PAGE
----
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Guide to Early Photographic Formats and Processes in the Special Collections and Archives Research Center

Historical Context

Traditionally, to create an etching, a metal (e.g. copper, zinc or steel) plate is covered with a waxy, acid-resistant ground, a coating made of asphaltum, rosin, beeswax, and tallow. An etching needle is then used to scratch through the ground, exposing the metal plate in a design of the artist's choosing. The plate is then dipped in an acid bath; the ground protects the parts of the plate untouched by the etching needle, and the metal is eaten away by the acid in only those places exposed by the artist's design. Once the design has been etched, the remaining ground is removed and the plate is inked. Excess ink is then wiped from the plate, and the plate is placed in printing press with a sheet of paper.

Light sensitive polymer plates later allowed for photorealistic etchings (sometimes referred to photo-etchings). To create a photo-etching, a photo-sensitive coating is applied to the plate, and light is projected onto the plate as a negative image to expose it. Photopolymer plates are finished in either a hot water or chemical bath.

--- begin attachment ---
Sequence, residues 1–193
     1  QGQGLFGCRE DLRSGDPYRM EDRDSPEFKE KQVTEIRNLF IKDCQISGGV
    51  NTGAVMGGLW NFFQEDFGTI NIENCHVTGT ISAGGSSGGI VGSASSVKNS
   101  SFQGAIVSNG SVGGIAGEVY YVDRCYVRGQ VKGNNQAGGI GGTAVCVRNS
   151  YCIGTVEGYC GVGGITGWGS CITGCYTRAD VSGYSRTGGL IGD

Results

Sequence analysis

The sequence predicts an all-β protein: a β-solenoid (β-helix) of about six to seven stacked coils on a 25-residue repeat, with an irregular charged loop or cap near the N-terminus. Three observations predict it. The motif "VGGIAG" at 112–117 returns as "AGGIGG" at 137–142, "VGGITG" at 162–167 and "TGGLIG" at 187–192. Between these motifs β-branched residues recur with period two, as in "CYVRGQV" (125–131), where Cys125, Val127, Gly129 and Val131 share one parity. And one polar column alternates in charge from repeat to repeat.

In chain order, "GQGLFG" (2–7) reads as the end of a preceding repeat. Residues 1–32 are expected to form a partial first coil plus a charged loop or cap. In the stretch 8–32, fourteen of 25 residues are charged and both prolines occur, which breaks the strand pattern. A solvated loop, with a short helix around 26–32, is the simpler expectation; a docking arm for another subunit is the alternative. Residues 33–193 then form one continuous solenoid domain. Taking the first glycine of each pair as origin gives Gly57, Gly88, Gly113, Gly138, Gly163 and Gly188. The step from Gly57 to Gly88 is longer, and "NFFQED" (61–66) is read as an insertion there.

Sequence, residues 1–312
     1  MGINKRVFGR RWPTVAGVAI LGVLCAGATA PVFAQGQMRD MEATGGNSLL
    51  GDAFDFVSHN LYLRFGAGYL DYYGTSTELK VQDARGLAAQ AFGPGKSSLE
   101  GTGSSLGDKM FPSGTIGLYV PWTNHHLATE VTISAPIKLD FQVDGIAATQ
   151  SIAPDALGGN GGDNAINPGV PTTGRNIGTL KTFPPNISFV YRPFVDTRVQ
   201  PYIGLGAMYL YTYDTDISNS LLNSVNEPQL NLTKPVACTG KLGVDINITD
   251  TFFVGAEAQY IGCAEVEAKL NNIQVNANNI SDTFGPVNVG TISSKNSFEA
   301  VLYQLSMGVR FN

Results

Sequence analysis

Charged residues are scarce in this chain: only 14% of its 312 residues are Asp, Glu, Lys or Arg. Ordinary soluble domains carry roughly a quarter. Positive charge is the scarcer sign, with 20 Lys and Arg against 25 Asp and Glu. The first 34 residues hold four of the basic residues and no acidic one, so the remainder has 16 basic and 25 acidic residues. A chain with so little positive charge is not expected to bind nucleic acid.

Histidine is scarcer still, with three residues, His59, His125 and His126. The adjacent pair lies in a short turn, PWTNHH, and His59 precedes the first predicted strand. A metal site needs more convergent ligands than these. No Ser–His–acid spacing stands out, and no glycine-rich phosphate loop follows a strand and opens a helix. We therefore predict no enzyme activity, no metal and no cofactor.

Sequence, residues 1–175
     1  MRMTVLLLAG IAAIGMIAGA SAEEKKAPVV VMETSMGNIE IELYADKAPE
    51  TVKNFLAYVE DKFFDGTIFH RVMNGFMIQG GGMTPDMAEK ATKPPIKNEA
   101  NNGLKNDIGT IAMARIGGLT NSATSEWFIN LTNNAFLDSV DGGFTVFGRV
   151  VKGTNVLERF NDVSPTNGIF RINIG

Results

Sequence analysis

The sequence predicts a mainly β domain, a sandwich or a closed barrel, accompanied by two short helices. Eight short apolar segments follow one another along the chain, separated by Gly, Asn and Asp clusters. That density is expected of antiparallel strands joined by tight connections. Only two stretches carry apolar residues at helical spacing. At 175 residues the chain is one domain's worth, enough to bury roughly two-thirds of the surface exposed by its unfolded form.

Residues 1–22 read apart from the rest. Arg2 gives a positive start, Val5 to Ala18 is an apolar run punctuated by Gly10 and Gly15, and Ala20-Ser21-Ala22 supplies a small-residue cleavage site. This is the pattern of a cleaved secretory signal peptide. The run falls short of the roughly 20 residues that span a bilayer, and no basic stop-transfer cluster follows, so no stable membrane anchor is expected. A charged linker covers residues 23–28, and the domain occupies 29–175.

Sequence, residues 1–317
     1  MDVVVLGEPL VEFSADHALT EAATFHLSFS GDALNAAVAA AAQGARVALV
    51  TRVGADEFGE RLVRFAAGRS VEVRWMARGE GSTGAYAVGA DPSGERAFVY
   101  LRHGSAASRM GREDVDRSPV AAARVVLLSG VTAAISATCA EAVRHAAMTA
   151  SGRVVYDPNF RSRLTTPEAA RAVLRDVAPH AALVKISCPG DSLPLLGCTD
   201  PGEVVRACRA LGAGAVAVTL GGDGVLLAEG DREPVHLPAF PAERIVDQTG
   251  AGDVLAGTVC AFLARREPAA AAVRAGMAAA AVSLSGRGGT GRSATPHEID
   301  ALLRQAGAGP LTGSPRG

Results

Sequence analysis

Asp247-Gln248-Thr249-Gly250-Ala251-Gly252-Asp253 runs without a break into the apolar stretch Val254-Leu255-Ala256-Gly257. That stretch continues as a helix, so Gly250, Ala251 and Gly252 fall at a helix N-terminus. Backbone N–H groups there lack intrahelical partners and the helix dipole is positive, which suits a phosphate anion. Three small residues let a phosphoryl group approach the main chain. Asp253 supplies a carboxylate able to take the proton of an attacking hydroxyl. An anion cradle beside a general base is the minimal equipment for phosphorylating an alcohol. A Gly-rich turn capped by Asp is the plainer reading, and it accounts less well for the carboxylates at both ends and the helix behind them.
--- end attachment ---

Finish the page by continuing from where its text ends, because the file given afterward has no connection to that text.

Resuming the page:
Collections

Buildings Photographic Collection, 1880-2002
The Building Photographs collection documents Oregon State University buildings, grounds, and facilities as well as a limited number of other notable buildings in Corvallis. The collection also includes approximately 20 line drawings of buildings located on other Oregon University System campuses. Images from this collection have been digitized and are available in Oregon Digital. Etchings can be found in Box 01 (Images #143, 148, 215-216, 228, 259).